The satirical video “People’s festival in Saxony” highlights in a pointed manner some of the characteristics of the far-right rampage in Chemnitz. The video shows Nazi goons seizing on the news of the murder of a German citizen to initiate a right-wing rampage, “Here we go again.” A man wearing a black, red, and gold hat, the colours of the German national flag, and shouting “We are the people”, turns out to be a police officer. This is an obvious parody of the employee from Saxony’s state criminal bureau, who was fired after participating in a right-wing demonstration. Participants in a so-called “funeral march” attack journalists and blacks. A neo-Nazi sells photos of his Nazi salute to the media for €10 apiece. And finally, swipes are taken at dishonest headlines in the Bild newspaper, pseudo-democrats, and anti-Nazi “We are more” events sponsored by Coca-Cola and Flixbus.

In the clip, an information table for a political party that resembles the AfD is also featured. With the declaration, “Anyone can be a member here!”, a party official speaks to a bullnecked skinhead in khaki trousers. The AfD official wears the unmistakable white rose in his buttonhole, which the leaders of the AfD and Pegida wore during their so-called “silent marches” in Chemnitz.

With their video, Silberstein and his crew sought to take aim at the fascist threat, and for this they immediately found themselves in the crosshairs of the far-right.

The AfD Berlin-Lichtenberg responded quickly with its own film. In the video, they sought to portray the parody as a deliberate falsification, without acknowledging the obvious fact that it was a satire. As if they have never come across neo-Nazi marches, attacks on minorities, and Nazi salutes, the AfD sought to portray all of this as the invention of evil left-wing journalists so as to pin the blame for this “fake news” on the AfD.

The AfD clip with the title “New fake video exposed” shows clips of the Silberstein film set, after which AfD official Karsten Woldeit, a member of the Berlin state parliament, declares that it is unbelievable what methods are being resorted to discredit the AfD. The video ends with Woldeit’s demand, “The task now is to find out who made this video?”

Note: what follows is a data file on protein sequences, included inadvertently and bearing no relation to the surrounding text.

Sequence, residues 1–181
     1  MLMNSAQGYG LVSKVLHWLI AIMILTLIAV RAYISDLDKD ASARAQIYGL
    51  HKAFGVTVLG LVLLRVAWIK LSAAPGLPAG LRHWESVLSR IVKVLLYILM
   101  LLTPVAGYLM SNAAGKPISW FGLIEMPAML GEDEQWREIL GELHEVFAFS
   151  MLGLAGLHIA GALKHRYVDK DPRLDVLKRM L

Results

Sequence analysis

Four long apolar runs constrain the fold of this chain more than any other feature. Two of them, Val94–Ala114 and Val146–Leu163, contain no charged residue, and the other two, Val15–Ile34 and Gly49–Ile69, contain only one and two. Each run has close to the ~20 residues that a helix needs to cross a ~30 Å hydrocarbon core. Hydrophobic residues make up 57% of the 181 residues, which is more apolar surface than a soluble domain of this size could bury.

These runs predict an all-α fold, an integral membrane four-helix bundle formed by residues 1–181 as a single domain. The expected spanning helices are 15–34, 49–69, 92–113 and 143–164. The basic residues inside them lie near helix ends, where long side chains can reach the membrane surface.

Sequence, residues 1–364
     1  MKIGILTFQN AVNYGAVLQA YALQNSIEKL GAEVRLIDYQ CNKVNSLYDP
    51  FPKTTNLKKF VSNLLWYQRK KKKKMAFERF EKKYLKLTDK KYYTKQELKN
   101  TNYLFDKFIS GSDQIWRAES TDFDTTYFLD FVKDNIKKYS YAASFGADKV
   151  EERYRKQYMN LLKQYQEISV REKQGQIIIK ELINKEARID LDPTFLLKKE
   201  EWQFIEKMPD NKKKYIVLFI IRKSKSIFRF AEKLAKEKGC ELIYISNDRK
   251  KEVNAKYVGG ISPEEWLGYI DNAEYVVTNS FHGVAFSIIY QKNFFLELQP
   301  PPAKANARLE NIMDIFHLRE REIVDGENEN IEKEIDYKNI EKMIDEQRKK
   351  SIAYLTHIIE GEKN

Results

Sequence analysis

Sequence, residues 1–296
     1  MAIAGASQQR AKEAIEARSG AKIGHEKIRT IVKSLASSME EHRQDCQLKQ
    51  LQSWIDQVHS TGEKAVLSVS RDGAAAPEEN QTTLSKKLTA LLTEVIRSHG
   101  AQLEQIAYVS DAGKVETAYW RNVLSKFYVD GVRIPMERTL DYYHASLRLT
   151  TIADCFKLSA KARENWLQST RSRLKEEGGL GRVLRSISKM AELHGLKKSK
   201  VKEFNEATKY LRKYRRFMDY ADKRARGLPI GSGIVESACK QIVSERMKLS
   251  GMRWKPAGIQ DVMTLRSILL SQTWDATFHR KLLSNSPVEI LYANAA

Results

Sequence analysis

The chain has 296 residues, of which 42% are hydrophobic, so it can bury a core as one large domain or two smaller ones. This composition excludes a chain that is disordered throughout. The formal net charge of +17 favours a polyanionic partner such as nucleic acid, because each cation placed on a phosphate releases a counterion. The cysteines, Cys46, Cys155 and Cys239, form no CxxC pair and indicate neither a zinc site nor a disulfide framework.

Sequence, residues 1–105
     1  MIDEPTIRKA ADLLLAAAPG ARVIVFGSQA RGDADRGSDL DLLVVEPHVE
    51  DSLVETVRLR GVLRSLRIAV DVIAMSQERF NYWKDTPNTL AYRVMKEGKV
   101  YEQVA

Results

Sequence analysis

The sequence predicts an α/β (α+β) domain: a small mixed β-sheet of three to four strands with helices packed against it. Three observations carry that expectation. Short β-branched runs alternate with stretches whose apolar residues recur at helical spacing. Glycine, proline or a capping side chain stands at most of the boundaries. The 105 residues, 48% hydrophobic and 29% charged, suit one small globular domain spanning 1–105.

A Facebook comment below the video stated, “Those guys can surely be identified, they’re clearly visible in the video.”

Shortly after the AfD posted this video, a video appeared showing AfD parliamentary deputy Frank-Christian Hansel and a cameraman standing in front of Silberstein’s partner’s front door and filming his address sign. After nobody opens up, Hansel declares, “We’ll be back.” This clip, in which the full name, street address, and house number can be clearly seen, was then spread by the AfD Berlin via its Facebook page.

A few hours later, the death threats began to arrive for Silberstein’s partner. One states, “And it’s Jews like you that are once again causing this agitation. You Jews are a conspiracy. You must be murdered!! … One day, we will murder you.” On the AfD’s video channel, one person called for the filmmaker’s private offices to be stormed.

“A whiff of 1933”, commented Silberstein on these events in his latest blog. “When politicians turn up at artists’ homes to say ‘We know where you live’, then that’s where we are again, dear friends.”

4 thoughts on “Extreme right violence in Germany

  1. Pingback: Anti-semitism in the USA and the Netherlands | Dear Kitty. Some blog

  2. Pingback: German neo-nazis imposing eating pork by violence | Dear Kitty. Some blog

  3. Pingback: German ex-secret service boss preaches racism | Dear Kitty. Some blog

  4. Pingback: Neo-nazi problem in Germany | Dear Kitty. Some blog

Leave a Reply

Fill in your details below or click an icon to log in:

WordPress.com Logo

You are commenting using your WordPress.com account. Log Out /  Change )

Google photo

You are commenting using your Google account. Log Out /  Change )

Twitter picture

You are commenting using your Twitter account. Log Out /  Change )

Facebook photo

You are commenting using your Facebook account. Log Out /  Change )

Connecting to %s

This site uses Akismet to reduce spam. Learn how your comment data is processed.